A redshirt everything year

School supply shopping for Thomas: a new hose nozzle.

I called the school today and officially withdrew Thomas from kindergarten. I cried, of course. (I always cry.)

I waited as long as I could. Hoping, perhaps, that on September 2 I would wake up with news that everything was back to normal. Schools would open without masks or social distancing. My children would be welcomed onto the school bus with a warm smile from the driver, and into the classroom with a reassuring hug from their teacher.

I read an article recently that said that sometimes the people who are outspoken about their opinions because they are unsure of them. It is the quiet, relaxed person who is confident; no need to plaster every family gathering with their opinion.

Ooof. That stung.

I’ve literally never once passed on the opportunity to share my opinion.

It also stung because, even though I know this is the right decision for our family, I still feel really sad about it. Thomas is missing out on going to school the same year as many of his friends. Everything we had been looking forward to and planning for will sit on the sidelines until next year.

Thomas doesn’t care. He’ll spend the year playing with kinetic sand and chasing our chickens. He’ll play with the hose and distract his older brother and sister while they’re in school, in our dining room.

Speaking of them, they don’t care either.

They’ll start third and second grades, virtually, the day after Labor Day. I guarantee you that when they log on and I hear their teacher welcome them to the virtual classroom, I will duck into the kitchen to cry. (I always cry.)

Moments like this give me a chance to grieve everything that’s going on. My kids are missing the classroom, yes, but that is only the beginning. There is incalculable suffering as a result of this virus, with no end in sight. It is helpful to grieve.

My kids don’t care about virtual school because they don’t understand what they’re missing out on. They sort of think of this pandemic as a giant worldwide snow day; the longest spring break ever.

In fact, nearly six months into the greatest pandemic in modern history, my kids are relatively untouched. We are employed, nourished, and safe. That, I suppose, makes us some of the lucky ones.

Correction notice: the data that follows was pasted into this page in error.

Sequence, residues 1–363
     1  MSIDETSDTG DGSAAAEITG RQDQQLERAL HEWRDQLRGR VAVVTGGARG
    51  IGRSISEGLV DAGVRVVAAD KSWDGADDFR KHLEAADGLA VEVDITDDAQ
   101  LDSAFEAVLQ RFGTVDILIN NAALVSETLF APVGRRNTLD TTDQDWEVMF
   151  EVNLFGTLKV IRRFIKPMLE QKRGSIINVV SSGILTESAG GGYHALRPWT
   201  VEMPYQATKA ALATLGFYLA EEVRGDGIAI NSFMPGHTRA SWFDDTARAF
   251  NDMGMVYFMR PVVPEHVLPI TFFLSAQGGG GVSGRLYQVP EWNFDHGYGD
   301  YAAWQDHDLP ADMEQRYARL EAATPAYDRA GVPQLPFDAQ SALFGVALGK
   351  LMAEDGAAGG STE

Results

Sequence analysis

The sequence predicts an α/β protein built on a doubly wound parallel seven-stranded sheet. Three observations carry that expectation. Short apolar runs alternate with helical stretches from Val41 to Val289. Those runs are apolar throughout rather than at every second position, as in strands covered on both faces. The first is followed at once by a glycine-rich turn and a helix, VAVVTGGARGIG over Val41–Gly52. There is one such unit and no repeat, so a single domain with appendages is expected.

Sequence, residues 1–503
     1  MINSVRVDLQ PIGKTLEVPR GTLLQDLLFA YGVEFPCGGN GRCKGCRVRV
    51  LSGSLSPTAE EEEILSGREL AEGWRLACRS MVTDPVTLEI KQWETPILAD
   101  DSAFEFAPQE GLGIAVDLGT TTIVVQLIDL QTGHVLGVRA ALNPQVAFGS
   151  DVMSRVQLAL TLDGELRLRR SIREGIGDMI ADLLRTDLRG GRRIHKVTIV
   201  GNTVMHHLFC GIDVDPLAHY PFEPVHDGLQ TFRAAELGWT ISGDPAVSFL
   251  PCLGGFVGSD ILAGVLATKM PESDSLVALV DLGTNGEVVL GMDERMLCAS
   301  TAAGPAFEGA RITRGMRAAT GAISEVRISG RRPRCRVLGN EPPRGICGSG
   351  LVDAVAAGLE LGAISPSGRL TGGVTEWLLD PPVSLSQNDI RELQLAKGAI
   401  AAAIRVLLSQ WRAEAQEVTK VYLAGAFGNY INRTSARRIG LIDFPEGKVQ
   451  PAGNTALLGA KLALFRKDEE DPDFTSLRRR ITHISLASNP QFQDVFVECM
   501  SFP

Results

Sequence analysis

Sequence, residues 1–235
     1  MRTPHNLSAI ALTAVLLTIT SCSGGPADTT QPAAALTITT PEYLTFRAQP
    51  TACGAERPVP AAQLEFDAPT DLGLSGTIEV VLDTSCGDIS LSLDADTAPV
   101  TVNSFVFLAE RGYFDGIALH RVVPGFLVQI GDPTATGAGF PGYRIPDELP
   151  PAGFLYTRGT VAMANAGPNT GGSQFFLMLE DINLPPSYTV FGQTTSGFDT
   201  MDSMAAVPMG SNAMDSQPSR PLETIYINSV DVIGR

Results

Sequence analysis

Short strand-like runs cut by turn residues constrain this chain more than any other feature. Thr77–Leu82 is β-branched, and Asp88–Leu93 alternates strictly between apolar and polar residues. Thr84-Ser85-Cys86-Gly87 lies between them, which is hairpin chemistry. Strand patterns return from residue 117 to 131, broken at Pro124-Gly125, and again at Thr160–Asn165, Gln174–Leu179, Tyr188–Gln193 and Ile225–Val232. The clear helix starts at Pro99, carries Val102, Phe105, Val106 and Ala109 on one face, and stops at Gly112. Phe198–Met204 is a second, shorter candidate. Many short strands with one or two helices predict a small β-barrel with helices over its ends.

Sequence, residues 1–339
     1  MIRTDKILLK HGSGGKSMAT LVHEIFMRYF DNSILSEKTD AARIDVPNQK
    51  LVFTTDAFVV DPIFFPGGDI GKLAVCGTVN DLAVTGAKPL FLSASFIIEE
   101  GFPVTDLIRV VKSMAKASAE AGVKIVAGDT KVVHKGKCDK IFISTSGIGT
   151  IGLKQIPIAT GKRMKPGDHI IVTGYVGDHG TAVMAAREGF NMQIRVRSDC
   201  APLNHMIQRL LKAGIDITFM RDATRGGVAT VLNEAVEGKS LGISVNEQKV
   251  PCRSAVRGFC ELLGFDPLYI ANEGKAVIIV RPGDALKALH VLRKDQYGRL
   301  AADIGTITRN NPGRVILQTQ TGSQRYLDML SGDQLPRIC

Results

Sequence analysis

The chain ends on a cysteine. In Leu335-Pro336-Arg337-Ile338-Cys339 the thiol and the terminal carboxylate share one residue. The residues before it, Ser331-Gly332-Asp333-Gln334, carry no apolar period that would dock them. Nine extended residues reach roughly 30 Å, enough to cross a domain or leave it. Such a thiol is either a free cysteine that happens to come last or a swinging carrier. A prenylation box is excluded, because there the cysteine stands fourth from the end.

1. Sarah O September 2, 2020

    Now I’m crying. Thanks a lot.

    • amandakrieger September 3, 2020

      xoxoxooxoxox being a mom is tough heart work, isn’t it?

  2. Karen September 2, 2020

    Better save that photo of him with the sprinkler; he’ll probably become a PhD in Physics one day.
    What your kids receive in enrichment and learning is BTM (Better Than Montessori). They have learned to be learners and that’s what counts. Formal school is a good side gig but the real job of kids is to play and get along. Oh, and love reading. You are set.

    • amandakrieger September 10, 2020

      comments from you mean so much! i love that and will try to remember it when i get all up in my head about academics — formal school is a good side gig.
      and i agree, he’s going to use all that hose knowledge for amazing things one day!!

  3. Taylor N September 3, 2020

    My first child is starting kindergarten this year and I’m so grieved it’s not a normal year too. We’re sticking with virtual learning because it’s an option and we’re excited about the school. There are no easy choices. Praying for a supernatural joy to surprise us and take over with a great school year!

  4. Jennifer Bradley September 4, 2020

    I hope everything goes well as you guys start virtual school! This has been such a strange year.

  5. Sonia Seivwright September 4, 2020

    I know things will be hard to adjust in the first few months or so but things will get better. Virtual learning will get easier. Don’t worry We will get there.


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